This research was carried out by the World Bank in 2008. Financial support for this research was provided by the Research Department of the World Bank, and the Economics of Adaptation to Climate Change study administered by the Environment Department of the World Bank. Funding for the Economics of Adaptation to Climate Change study has been provided by the governments of the United Kingdom, the Netherlands and Switzerland.
An increase in sea surface temperature is strongly evident at all latitudes and in all oceans. The scientific evidence to date indicates that increased sea surface temperature will intensify cyclone activity and heighten storm surges. These surges will, in turn, create more damaging flood conditions in coastal zones and adjoining low-lying areas. The destructive impact will generally be greater when storm surges are accompanied by strong winds and large onshore waves.
In this research, we have considered the potential impact of a large (1-in-100-year) storm surge by contemporary standards, and then compared it with its 10% intensification which is expected to occur in this century.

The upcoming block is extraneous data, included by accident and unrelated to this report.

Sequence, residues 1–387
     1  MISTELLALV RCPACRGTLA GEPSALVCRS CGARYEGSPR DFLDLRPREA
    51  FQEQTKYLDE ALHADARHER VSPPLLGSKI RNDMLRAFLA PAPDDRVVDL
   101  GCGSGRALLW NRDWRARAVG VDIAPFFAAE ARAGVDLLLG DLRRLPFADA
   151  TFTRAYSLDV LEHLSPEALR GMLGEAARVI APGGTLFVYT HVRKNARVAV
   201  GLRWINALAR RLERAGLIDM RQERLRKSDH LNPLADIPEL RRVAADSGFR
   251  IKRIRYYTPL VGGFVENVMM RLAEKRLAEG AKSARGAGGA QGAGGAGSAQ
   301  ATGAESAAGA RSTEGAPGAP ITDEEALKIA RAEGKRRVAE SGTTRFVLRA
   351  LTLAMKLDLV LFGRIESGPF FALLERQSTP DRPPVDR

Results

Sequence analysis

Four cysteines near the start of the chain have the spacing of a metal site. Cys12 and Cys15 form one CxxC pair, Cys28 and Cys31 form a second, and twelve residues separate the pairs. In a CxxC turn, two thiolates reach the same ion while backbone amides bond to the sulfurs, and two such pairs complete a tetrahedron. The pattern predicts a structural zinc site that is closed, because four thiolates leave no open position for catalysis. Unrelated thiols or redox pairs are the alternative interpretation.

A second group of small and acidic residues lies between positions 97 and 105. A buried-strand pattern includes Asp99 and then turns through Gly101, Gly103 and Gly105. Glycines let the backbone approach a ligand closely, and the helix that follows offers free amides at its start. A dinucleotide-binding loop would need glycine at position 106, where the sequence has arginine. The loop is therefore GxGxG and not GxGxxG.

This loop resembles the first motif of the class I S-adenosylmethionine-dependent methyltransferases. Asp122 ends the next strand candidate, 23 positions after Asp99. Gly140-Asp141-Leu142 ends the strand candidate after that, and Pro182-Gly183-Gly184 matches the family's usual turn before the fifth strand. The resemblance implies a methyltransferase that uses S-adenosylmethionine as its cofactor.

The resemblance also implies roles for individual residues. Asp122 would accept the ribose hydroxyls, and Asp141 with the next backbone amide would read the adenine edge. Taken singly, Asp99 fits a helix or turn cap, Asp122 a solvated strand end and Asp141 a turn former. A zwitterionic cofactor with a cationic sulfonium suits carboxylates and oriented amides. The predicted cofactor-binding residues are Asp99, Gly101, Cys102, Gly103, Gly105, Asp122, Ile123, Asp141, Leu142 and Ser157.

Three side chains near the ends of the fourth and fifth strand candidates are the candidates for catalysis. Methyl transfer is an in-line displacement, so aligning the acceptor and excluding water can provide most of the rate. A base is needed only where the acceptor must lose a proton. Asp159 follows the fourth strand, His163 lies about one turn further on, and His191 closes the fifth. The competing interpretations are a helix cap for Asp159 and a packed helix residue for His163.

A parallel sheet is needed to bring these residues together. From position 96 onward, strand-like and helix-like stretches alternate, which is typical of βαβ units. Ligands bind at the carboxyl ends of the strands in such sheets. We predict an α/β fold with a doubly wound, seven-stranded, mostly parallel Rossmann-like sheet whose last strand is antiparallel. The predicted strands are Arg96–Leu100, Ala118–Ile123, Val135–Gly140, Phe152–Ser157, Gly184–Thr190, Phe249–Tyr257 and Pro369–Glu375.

In modeling the future climate, we took account of changes in sea level rise, geological uplift and subsidence along the world’s coastlines. Geographic Information System (GIS) software has been used to overlay the best available, spatially-disaggregated global data on critical impact elements (Area, population, economic activity (GDP), agricultural land, urban areas, and wetlands), with the inundation zones projected for 84 coastal developing countries.
Country-level impacts have been summarized in the attached data:
- The spreadsheet is divided into separate pages to match the major critical impact elements: area, population, GDP, agriculture, urban extent, and wetlands.
- Impacts/ exposure of current storm surge are presented in Column F.
- Increments in impacts are presented in Columns G-K.